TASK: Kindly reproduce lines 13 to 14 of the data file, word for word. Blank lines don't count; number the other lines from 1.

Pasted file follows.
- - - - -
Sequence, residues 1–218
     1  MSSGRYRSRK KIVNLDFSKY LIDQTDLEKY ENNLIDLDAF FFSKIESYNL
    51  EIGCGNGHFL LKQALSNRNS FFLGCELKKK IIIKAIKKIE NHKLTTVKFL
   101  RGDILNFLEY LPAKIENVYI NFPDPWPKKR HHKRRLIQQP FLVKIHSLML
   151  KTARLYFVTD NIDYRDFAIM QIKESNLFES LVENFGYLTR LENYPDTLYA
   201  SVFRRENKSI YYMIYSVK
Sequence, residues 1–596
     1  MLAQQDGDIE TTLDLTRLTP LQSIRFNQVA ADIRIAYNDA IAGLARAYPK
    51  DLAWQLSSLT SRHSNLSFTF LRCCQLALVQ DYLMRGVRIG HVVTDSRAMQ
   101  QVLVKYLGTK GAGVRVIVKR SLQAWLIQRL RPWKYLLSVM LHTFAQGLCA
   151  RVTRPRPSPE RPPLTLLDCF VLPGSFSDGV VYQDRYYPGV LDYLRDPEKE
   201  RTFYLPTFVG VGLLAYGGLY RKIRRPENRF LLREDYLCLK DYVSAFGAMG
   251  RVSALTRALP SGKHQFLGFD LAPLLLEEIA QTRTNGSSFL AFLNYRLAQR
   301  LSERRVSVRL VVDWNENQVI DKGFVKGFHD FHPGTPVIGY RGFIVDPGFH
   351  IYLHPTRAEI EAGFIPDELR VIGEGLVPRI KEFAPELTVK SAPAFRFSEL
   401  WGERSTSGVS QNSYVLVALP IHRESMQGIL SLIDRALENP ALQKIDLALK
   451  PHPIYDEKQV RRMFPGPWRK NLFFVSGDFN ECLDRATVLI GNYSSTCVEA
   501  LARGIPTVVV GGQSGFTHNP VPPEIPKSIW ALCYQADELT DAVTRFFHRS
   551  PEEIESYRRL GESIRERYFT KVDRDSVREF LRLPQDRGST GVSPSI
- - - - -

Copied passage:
   251  RVSALTRALP SGKHQFLGFD LAPLLLEEIA QTRTNGSSFL AFLNYRLAQR
   301  LSERRVSVRL VVDWNENQVI DKGFVKGFHD FHPGTPVIGY RGFIVDPGFH